Introducing TimeKeeper V2.0

Chronicling the journey of TimeKeeper's initial design decisions as we launch V2.0....
Sean QuinnPosted on Friday, October 20th 2023

Back in January 2018, the first code was written on what is now TimeKeeper.

Before we introduce TimeKeeper V2.0, I think it is interesting to have a retrospective on how the initial version of TimeKeeper came to be and the context that shaped V1.0.

During those early days of building a product, the goal was to test if the seedling of an idea is in fact feasible, this is known as the "validation phase".

There are essentially two paths for most startups at this point:

Two Paths, Bootstrapping or Raising Capital

Path One: Raise Capital

The most common path at the time was to spend a few months seeking external investment from angel investors, venture capital firms or friends and family. This is so you have capital for 'Go to Market', that is so you can invest in resources such as design, engineering and sales.

During this time you typically spend more time working on a pitch deck than the product and will ultimately result, if successful, in exchanging a minority stake of equity in the business for the investment. The major upside being that this temporary period can in fact accelerate your business several years by having capital to deploy.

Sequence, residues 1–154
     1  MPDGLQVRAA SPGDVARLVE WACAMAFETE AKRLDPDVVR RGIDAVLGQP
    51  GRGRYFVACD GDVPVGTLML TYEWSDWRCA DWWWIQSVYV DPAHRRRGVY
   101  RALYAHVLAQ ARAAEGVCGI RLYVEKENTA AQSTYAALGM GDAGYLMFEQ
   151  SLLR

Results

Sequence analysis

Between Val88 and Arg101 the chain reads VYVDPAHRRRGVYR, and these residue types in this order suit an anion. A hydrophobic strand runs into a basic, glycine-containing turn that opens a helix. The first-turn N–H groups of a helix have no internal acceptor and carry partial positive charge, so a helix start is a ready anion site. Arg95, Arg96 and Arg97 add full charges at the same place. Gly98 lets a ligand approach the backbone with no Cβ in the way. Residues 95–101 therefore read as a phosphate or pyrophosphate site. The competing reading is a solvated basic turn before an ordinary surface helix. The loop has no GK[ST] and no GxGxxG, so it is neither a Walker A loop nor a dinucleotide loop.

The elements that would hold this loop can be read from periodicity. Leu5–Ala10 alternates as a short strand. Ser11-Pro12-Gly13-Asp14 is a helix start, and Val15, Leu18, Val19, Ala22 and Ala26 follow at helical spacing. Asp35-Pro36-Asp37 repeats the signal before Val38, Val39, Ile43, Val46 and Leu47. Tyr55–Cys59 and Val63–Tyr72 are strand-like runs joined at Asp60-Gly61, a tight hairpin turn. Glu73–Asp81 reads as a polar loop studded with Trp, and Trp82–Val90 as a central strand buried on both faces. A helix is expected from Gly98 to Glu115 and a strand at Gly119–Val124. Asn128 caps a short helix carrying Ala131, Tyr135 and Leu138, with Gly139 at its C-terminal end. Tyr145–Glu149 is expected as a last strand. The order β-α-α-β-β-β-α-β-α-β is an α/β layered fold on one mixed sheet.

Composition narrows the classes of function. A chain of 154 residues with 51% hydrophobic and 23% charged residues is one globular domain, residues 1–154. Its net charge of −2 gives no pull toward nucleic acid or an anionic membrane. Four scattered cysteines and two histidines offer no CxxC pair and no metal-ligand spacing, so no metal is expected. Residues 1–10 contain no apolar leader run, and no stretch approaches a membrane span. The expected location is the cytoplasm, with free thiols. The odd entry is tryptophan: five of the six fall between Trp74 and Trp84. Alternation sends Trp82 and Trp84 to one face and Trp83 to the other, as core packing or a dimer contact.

Path Two: Bootstrapping

The path less trodden then, although more popular now (also the common route taken by small non-technology businesses) is to 'bootstrap' the business with your own funds until reaching a point where there is enough capital coming in to reach break-even or 'default alive' - the expenses of the business match its income.

The upside is that you retain 100% control of the business, however the downside being that you can't invest properly in areas of the business until further down the line, which means growth is usually much slower.

TimeKeeper's Path

I decided to go down the bootstrapping path (I'll leave the specifics for another post) as this would be a quicker feedback cycle on whether the product solved a pain for customers. At the time, TimeKeeper had received a £15,000 grant from Ignite/Invest NI Pre-Accelerator - the only cash injection into the business - and it was critical.

This grant was stretched to cover 12 months of personal and business expenses, so we could get TimeKeeper V1.0 (TimeKeepr back then) out the door and a handful of customers bringing in some revenue as well. More on that origin story here.